DNC's Dean says he won't apologize for remark at black caucus meeting

Appearing at Cummings fund-raiser, he assails GOP

February 25, 2005|By Ivan Penn | Ivan Penn,SUN STAFF

Pledging to "fight back" for being called a racist, Democratic National Committee Chairman Howard Dean said yesterday that he would not apologize for a statement he made early this month that Lt. Gov. Michael S. Steele called "racially insensitive."

Dean told a group of about 70 people who gathered at a morning fund-raiser for U.S. Rep. Elijah E. Cummings that his comments were misrepresented by Republicans. Instead of making an apology, Dean criticized Republicans for what he sees as a failure to ensure that all people receive a good education, have food to eat and health care.

"I was called a racist in Maryland," said Dean, who was elected DNC chairman two weeks ago. "You don't apologize when people call you names. You fight back."

The former Vermont governor and presidential candidate spoke during a breakfast at the Marriott Baltimore Waterfront Hotel in support of Cummings' 2006 re-election bid.

Among those attending the event were Baltimore County Executive James T. Smith Jr., Howard County Executive James N. Robey and City Councilman Keiffer J. Mitchell Jr., who is also second vice president of the Maryland Democratic Party, as well as Joseph A. De Francis, a major partner in the Pimlico and Laurel Park race tracks.

The fund-raiser signaled Cummings' continued press for Congress, although he has been considered a possible replacement for Kweisi Mfume as president of the National Association for the Advancement of Colored People. Cummings said yesterday that he had not interviewed for the job.

Despite the celebratory nature of the event, Dean could not escape questions about his Feb. 11 comment to the DNC Black Caucus.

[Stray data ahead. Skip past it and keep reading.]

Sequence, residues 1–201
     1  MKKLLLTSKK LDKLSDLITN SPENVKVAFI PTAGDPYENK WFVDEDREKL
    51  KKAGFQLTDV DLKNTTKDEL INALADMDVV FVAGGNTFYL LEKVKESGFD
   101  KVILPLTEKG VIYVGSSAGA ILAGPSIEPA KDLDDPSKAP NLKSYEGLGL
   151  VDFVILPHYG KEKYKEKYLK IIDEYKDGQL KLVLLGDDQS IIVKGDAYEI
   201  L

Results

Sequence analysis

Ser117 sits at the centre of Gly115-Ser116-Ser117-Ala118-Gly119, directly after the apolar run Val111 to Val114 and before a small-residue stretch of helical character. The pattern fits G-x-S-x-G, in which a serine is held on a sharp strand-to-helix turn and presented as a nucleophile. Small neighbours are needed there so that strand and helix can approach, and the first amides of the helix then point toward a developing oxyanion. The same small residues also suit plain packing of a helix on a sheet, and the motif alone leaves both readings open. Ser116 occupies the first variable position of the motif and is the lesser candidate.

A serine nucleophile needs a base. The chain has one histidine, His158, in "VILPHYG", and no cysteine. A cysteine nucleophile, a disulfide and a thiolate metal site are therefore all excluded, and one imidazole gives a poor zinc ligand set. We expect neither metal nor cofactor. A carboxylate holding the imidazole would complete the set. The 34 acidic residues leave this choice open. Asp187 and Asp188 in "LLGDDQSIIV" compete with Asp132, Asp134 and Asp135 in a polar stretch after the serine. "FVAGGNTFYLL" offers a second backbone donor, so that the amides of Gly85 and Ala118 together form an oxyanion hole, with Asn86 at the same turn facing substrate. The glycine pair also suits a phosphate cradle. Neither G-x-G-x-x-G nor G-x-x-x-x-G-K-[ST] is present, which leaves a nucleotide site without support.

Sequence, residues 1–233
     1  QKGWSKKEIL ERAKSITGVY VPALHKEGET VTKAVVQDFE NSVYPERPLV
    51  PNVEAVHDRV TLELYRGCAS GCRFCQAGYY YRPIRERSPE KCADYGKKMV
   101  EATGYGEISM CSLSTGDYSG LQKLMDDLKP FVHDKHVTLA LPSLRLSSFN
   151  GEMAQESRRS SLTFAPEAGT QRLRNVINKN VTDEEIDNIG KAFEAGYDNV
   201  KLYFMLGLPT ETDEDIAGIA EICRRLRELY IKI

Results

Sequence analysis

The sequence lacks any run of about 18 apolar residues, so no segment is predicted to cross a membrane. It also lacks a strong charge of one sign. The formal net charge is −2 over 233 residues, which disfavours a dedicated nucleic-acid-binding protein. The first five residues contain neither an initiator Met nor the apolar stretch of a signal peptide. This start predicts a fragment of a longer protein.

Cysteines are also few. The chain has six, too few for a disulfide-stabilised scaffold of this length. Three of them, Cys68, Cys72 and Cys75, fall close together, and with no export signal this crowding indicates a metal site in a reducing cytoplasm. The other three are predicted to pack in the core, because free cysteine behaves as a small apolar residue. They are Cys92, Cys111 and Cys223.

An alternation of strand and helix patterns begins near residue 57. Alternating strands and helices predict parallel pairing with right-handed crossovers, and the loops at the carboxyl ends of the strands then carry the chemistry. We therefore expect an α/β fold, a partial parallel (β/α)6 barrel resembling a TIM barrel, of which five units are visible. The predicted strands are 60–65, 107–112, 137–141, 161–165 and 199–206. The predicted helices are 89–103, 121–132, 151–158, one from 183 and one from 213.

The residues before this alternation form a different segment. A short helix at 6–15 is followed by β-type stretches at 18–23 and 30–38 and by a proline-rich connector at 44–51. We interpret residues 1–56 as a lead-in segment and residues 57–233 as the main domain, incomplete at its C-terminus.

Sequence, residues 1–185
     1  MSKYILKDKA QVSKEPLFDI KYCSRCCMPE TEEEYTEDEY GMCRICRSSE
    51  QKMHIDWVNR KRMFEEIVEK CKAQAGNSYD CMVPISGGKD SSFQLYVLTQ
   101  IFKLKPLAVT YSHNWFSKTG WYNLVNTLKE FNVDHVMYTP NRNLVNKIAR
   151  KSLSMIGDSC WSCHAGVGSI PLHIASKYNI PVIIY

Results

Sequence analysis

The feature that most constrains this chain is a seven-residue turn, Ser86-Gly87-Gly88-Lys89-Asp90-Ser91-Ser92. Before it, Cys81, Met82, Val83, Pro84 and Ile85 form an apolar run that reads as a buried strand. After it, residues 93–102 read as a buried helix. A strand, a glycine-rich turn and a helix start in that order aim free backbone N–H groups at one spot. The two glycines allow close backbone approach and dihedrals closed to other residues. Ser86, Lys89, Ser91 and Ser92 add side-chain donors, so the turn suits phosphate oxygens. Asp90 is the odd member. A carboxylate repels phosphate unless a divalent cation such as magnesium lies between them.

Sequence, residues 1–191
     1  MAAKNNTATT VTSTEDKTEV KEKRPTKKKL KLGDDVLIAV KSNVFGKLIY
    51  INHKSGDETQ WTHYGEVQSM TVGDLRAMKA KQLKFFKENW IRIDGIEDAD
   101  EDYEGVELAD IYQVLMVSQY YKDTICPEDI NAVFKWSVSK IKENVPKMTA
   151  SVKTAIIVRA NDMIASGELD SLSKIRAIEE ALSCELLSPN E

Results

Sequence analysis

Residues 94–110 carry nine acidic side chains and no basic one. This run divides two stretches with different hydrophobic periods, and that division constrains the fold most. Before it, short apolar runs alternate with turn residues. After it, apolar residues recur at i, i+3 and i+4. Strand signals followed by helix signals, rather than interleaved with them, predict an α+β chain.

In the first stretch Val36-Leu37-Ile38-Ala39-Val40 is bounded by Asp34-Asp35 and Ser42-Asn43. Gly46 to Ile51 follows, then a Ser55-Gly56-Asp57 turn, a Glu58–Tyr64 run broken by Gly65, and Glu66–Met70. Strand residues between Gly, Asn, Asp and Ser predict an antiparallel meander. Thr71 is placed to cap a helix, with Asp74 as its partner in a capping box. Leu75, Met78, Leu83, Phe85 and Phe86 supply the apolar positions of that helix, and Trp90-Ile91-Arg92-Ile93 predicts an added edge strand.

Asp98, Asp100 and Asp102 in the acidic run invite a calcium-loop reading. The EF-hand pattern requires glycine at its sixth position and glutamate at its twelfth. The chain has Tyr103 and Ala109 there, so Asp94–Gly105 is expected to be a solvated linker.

During that meeting, Dean said, "You think the Republican National Committee could get this many people of color in a single room?" Then he added: "Only if they had the hotel staff in here."

After hearing about the statement, Steele, one of the few African-American Republicans elected to office statewide, called the remarks insensitive.

Yesterday, Steele reiterated his concern about Dean's comments and repeated his call for an apology.

But Steele said he never called Dean a "racist."

"I don't think he's a racist," Steele said. "He was being flippant and cute and wound up saying something boneheaded. A good number of us think he was racially insensitive."

Cummings said at the breakfast yesterday that he is excited about the direction of the Democratic Party under Dean's leadership.

"He makes it clear that he values every single human being," Cummings said.

Dean said at the breakfast that he believes the Democratic Party cares more about the concerns of people of color than the Republican Party, but that Democrats have failed to show it. He said he wants to increase his party's visibility in all states, in particular by reaching out to minorities.

"We're going to have a 50-state strategy," Dean said. "You don't respect people, if you don't show up" and talk with them.

Republican National Committee Chairman Ken Mehlman pledged during a forum at Prince George's Community College this month that the GOP will work harder at reaching out to minorities. Mehlman plans to hold community forums throughout the country to speak with minorities.

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